And we might notice the word "body" in each chapter. Chapter 6 talks about the "body of sin", chapter 7 calls it the "body of death", and chapter 8 calls it our "mortal body". There is a progression: sin in the flesh will inevitably lead to death. We're waiting for our bodies to be redeemed, so that we can be as free from sin's presence as we are from sin's guilt and sin's power.

There's one more difference I see between Romans 6 and Romans 7. Romans 6 starts out with the question of willful sin, "Shall we continue in sin, that grace may abound?". The question there is, since grace over-abounds, why not get more grace by sinning more? Romans 7 introduces a new idea: involuntary sin. This is not the sin we set our minds to, this is the sin we find ourselves committing over and over. Even though we may hate it, and even though we hate ourselves for doing it, we find we just keep doing it. That's the struggle in vv. 19--21

19* For I do not practise the good that I will; but the evil I do not will, that I do.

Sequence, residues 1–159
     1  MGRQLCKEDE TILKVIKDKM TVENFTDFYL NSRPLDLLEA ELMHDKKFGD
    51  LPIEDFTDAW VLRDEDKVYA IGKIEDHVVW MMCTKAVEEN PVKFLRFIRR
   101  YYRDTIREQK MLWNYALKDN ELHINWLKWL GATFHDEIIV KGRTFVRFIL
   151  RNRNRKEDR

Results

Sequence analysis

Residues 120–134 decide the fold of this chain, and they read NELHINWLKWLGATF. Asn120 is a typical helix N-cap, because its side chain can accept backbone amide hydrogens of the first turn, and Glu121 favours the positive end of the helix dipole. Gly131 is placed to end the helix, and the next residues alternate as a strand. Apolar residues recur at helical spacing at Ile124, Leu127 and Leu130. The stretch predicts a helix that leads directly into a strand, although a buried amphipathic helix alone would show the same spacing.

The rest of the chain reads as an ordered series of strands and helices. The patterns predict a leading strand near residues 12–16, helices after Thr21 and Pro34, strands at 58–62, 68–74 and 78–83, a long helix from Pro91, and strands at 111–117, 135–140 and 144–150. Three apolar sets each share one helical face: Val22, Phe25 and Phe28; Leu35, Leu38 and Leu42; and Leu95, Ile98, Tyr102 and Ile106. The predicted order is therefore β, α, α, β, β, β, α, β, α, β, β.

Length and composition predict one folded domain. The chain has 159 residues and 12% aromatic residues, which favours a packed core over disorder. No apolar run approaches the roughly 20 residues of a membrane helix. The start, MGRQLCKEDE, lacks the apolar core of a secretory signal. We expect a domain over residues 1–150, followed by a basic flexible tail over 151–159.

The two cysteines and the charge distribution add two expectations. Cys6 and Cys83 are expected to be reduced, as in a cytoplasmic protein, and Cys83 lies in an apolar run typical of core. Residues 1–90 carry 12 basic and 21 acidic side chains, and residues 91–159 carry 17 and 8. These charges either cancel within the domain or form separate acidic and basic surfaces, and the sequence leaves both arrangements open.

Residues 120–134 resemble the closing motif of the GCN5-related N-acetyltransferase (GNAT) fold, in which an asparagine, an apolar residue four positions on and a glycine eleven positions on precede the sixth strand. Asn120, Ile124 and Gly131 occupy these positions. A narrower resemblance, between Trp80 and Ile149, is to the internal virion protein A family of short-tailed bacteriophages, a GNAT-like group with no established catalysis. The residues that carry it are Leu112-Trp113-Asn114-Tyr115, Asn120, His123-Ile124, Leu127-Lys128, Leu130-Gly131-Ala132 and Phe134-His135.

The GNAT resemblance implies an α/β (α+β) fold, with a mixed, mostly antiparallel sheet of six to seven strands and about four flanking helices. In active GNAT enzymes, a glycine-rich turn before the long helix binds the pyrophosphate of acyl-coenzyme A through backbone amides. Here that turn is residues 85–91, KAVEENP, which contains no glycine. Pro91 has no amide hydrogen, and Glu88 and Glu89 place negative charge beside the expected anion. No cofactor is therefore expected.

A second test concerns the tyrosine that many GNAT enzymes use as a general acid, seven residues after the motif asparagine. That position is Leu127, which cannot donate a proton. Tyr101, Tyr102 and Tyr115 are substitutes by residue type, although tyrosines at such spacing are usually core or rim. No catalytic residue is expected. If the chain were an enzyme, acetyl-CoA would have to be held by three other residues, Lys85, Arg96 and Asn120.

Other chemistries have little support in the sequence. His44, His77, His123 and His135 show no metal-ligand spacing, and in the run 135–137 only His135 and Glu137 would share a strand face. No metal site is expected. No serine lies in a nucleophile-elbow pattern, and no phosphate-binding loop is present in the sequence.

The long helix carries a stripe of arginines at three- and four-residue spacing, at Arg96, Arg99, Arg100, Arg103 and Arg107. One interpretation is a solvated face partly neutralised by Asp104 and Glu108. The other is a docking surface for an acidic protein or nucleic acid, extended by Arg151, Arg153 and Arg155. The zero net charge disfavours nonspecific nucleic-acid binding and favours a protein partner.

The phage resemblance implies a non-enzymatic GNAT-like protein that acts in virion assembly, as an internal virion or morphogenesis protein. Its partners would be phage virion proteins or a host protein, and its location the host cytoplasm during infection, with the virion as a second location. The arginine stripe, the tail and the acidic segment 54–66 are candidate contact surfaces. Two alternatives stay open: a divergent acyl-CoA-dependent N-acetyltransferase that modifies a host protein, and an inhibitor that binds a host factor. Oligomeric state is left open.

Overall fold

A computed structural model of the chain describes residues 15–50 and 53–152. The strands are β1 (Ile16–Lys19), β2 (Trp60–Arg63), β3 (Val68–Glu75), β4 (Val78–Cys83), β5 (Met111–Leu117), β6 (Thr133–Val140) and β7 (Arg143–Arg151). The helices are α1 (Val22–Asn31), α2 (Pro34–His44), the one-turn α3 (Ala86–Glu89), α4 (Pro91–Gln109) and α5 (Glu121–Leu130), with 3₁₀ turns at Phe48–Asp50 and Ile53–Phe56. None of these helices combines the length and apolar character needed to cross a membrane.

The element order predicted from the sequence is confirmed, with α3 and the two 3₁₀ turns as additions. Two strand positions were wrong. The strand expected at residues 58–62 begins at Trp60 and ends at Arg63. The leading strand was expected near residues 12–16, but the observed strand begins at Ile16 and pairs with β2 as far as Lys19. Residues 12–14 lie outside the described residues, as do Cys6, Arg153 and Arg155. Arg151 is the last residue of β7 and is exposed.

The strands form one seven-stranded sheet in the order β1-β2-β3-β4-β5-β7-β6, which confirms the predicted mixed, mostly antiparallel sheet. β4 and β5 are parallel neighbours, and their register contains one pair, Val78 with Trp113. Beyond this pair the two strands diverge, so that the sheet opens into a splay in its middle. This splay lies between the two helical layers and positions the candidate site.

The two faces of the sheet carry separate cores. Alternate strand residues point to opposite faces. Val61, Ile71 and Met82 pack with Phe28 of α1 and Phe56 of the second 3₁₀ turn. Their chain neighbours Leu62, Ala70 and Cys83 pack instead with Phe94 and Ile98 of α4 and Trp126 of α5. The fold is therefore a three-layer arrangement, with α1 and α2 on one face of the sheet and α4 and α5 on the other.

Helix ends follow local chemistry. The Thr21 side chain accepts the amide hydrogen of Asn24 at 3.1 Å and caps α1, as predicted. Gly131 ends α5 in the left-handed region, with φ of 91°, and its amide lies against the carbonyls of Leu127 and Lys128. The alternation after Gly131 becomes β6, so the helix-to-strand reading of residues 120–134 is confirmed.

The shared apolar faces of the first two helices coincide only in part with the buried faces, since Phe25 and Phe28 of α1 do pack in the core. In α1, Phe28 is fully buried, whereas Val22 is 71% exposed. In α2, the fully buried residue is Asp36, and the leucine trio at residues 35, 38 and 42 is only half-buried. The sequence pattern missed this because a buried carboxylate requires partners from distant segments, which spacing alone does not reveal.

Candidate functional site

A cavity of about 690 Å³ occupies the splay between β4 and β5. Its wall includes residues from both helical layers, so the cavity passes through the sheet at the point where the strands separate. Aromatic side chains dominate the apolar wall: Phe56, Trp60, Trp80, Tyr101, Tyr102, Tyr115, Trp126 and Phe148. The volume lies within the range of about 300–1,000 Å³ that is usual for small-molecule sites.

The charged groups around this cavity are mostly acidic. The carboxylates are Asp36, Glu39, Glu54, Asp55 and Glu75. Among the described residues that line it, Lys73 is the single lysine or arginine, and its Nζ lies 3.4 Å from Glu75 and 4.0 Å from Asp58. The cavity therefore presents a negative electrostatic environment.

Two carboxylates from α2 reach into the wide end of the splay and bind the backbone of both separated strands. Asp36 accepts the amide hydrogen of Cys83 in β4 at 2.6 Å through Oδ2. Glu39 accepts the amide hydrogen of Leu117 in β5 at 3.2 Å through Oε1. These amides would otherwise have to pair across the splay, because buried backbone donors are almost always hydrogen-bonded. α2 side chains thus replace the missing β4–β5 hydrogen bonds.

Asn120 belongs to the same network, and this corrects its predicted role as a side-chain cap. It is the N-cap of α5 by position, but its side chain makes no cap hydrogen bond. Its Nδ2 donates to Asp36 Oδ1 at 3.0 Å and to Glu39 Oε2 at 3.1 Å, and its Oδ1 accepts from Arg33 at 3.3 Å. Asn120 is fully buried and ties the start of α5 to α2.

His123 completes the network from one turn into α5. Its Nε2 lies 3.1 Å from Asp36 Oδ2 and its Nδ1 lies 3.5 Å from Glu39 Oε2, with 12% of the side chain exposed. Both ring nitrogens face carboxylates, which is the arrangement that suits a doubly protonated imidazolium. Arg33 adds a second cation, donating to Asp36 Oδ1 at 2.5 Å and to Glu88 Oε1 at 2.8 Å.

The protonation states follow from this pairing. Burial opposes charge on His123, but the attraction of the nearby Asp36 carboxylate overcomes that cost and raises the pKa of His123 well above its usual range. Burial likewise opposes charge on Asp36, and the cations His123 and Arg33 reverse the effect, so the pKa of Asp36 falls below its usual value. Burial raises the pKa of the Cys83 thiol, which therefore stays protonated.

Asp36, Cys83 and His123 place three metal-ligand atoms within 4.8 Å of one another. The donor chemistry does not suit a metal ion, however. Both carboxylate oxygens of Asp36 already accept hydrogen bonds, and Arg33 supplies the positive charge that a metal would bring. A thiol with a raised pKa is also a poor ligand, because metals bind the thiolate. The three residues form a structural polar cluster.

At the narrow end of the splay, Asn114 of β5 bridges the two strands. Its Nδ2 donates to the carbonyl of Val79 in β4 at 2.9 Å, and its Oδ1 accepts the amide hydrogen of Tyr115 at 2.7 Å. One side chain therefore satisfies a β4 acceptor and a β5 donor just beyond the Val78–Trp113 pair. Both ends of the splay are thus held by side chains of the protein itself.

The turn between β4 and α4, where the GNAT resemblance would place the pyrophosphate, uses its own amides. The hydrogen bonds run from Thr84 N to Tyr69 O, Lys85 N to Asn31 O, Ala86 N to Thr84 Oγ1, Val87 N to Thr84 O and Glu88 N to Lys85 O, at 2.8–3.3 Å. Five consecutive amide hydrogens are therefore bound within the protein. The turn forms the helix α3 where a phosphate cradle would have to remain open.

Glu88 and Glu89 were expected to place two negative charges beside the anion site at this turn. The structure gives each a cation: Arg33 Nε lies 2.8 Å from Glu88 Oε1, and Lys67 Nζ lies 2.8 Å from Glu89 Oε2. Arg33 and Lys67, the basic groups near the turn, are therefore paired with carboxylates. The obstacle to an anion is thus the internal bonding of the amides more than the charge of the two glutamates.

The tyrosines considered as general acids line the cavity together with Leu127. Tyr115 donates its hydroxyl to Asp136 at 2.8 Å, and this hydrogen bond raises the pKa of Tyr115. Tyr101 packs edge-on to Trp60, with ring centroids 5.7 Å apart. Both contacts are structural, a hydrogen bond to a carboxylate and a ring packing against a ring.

20* But if what *I* do not will, this I practise, it is no longer *I* that do it, but the sin that dwells in me.
21* I find then the law upon *me* who will to practise what is right, that with *me* evil is there.

So I don't have many answers. But I think Romans 7 comes after Romans 6 because the discovery of sin in the flesh is really a very different thing from being dead to sin. When man sinned, he fell from the inside out. His spiritual death preceded his physical death by a long time. God saves us the same way. First He justifies, then He transforms us, inside-out. He fixes us inside, and some day He'll fix the outside too.

We can't really learn Romans 7 if we don't have Romans 6. There's no real way to understand indwelling sin when we haven't yet grasped our death to sin. We need to learn we've died with Christ so that we can say "it is no longer *I* that do it, but the sin that dwells in me" (Romans 7:17).

And I think that is why Romans 7 comes after Romans 6.